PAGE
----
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Sony Security Games

Phishing Site Discovered On Sony Thailand Servers 44

mcgrew tips news that security firm F-secure has found a live phishing site running on Sony's Thailand servers. "Basically this means that Sony has been hacked, again. Although in this case the server is probably not very important." This comes alongside news that a point service run by So-net, a Sony subsidiary, was accessed by an unknown intruder, who stole about $1,200 worth of virtual tokens. "The intrusions are believed to have taken place on May 16 and 17. So-net discovered the breach on May 18, after receiving consumer complaints. So-net halted the point redemption service following the discovery of the breach. The latest breaches are relatively minor in scale compared to the massive breach at PSN and Sony Entertainment Online. Even so, it only adds to the company's embarrassment."
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Phishing Site Discovered On Sony Thailand Servers

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  • Ivan Vanko: [laughs] If you could make God bleed, people would cease to believe in him, there will be blood in the water, the sharks will come. All I have to do is sit back and watch as the world consumes you. Not that Sony was ever a God but the idea holds for any giant corporation with enough money buy the best security in the world. They were made to bleed and this won't be the last of these.
    • Re: (Score:2, Insightful)

      by drinkypoo ( 153816 )

      The greatest trick the devil ever pulled was convincing the world he doesn't exist.

      Hell, of course, was made up to scare the sheeple, but the Devil is real and he is laughing.

  • The only way to deal with a mad dog is to kill it, without hesitation... Eat it raw, Sony!

  • by ZWithaPGGB ( 608529 ) on Saturday May 21, 2011 @01:25AM (#36199670)
    Seems Sony in Thailand uses a shared hosting setup. More details @ ThreatSTOP's Blog []
  • Make. Believe, indeed.

    Sony definitely have a mountain to climb if any consumer is really going to believe in them again. They haven't just dropped the ball in regards to a few basement dwelling geeks, but have dropped the ball in-front of a crowd the tens of million.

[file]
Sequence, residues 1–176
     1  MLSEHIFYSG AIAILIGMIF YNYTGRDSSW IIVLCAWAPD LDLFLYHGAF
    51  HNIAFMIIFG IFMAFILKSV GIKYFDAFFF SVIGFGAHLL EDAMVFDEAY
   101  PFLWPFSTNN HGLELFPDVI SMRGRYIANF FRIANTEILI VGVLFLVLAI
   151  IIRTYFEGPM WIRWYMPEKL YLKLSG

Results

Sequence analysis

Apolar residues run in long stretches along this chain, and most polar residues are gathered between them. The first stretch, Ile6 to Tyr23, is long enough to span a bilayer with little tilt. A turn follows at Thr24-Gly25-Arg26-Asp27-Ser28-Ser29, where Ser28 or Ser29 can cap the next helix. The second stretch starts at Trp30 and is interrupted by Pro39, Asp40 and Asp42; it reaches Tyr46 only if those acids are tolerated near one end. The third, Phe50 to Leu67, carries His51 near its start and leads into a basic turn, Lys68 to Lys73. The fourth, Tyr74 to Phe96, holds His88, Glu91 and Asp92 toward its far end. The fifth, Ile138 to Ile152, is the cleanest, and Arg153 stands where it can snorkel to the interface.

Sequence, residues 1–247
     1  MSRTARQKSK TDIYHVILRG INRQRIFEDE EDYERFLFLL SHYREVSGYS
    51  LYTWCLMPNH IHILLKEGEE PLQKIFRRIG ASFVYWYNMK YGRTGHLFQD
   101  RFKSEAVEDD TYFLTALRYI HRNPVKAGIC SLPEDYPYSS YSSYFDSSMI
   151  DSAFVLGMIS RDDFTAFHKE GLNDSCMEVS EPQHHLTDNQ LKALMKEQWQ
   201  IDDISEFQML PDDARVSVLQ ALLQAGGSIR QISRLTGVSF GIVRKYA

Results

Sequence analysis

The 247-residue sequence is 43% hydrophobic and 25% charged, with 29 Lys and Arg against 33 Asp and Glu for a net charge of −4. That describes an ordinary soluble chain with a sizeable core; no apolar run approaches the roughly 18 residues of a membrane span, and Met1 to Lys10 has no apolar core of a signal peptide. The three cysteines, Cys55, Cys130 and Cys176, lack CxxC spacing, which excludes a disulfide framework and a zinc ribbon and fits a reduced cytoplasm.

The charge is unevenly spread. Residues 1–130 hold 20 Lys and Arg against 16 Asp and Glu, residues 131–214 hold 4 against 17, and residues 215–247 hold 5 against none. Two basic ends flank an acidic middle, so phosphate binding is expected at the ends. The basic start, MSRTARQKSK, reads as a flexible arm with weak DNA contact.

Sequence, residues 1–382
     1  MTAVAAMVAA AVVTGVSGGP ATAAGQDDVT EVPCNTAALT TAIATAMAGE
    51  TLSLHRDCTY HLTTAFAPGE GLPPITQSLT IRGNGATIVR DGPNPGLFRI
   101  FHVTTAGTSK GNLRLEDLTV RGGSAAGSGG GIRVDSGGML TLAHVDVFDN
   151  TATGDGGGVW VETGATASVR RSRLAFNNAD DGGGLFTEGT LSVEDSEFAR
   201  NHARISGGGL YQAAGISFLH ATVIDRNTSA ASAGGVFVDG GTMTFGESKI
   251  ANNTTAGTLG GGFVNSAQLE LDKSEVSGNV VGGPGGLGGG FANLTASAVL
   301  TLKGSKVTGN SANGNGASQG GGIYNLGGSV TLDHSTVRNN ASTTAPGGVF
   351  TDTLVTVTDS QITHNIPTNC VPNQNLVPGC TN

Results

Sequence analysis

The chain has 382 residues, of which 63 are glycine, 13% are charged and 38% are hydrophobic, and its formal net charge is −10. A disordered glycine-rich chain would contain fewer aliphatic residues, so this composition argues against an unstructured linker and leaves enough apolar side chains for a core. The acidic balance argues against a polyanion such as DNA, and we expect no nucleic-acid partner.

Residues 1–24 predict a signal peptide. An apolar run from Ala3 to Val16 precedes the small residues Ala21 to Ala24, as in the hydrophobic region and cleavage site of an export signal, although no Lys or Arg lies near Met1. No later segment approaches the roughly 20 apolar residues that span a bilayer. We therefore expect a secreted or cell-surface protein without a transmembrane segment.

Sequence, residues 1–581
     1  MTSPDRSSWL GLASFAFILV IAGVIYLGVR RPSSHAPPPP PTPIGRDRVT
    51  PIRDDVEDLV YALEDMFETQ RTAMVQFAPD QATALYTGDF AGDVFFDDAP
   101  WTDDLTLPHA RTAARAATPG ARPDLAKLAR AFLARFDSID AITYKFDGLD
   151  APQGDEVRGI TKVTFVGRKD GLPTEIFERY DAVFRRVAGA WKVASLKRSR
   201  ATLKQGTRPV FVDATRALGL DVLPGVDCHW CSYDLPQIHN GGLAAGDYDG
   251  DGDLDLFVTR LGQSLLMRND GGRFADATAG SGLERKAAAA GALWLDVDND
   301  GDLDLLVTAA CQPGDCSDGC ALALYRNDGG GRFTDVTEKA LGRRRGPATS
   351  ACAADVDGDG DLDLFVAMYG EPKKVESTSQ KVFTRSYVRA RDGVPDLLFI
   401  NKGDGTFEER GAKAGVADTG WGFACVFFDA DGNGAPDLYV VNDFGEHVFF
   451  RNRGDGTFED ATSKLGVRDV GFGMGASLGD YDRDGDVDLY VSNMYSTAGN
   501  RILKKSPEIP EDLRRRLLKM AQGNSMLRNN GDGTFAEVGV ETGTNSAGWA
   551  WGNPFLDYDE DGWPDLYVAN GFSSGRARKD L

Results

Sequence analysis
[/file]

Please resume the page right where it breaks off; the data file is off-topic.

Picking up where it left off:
• by Anonymous Coward

      Unfortunately the crowd of tens of millions has the memory of a potatoe. They'll have forgotten all about this by the time the next shiny, hyped game will be released. Hell, even geeks are not much better. Just look at how apologetic many of them are towards Microsoft, who hasn't become any less evil, just less relevant.

      • by Anonymous Coward

        You are assuming that potatoes have a lot more memory than they do.

        Give this 3 months. Heck, by the time college freshmen arrive at their dorms in the fall, the PSN issue will have been completely forgotten, and business as usual will continue.

        Ask any computer security person who has worked in the private sector. Other than a few companies who actually try to keep their barn door shut, a goodly number of businesses know that they won't suffer much if there is a loss. At best they will say that they will

    • by Pieroxy ( 222434 )

      Do you really think this will affect their sales in a significant manner? I don't think so.

    • Their customers don't care. They're finding excuses for Sony and threatening to kill the developers that worked on restoring OtherOS on the PS3. Sony'll be fine.
  • Amateur Phishers... (Score:4, Interesting)

    by tlhIngan ( 30335 ) <slashdot@w o r f . n et> on Saturday May 21, 2011 @02:14AM (#36199874)

    Man, that's a bit amateurish on the side of the phishers.

    They had access to a *SONY* server. The same Sony who just admitted issues on their systems. Surely they should've just set up a fake phishing site imitating Sony? I mean, set up a realistic looking Sony form asking for way more information than you need, host it on Sony server so Sony's domain points to it, put it in a plausible looking path, and send out an email faking a Sony return address.

    Honestly, this would present such a great phishing and drive-by-download install opportunity, I'm surprised they didn't use it. It originates from a Sony email address, the link points to a Sony server (and even if they type it in themselves, it's still Sony's domain), but a third party is really phishing that information. I'd guess you'd get a good chunk of people filling that information in. Forward them to the real Sony login page...

    If they had access to the Sony SSL server... oh my.

    Something like this would pass most of the basic sniff tests for phish emails and make it almost impossible to determine if it's really Sony or a phisher using Sony's server.

  • by imunfair ( 877689 ) on Saturday May 21, 2011 @09:22AM (#36201336) Homepage

    I don't like Sony as a company, but this is one time I'm not sure if the claims against them are actually true. The article gave next to no details, and the site is already down so I can't look at it to see.

    It's an Italian site and one of the words in the URL apparently translates to 'holder' - which makes me wonder if it was a development site that wasn't intended to be public. I'll admit it seems weird it's on a Thailand domain, but I would like a better explanation of what is before I blame them for getting hacked. Are they providing shared hosting for some service and not checking the content regularly?

    There just isn't enough information on this one.

  • by Anonymous Coward

    This doesn't necessarily mean that Sony was hacked. Maybe Sony just decided to get into the phishing scam business...

"Pull the wool over your own eyes!" -- J.R. "Bob" Dobbs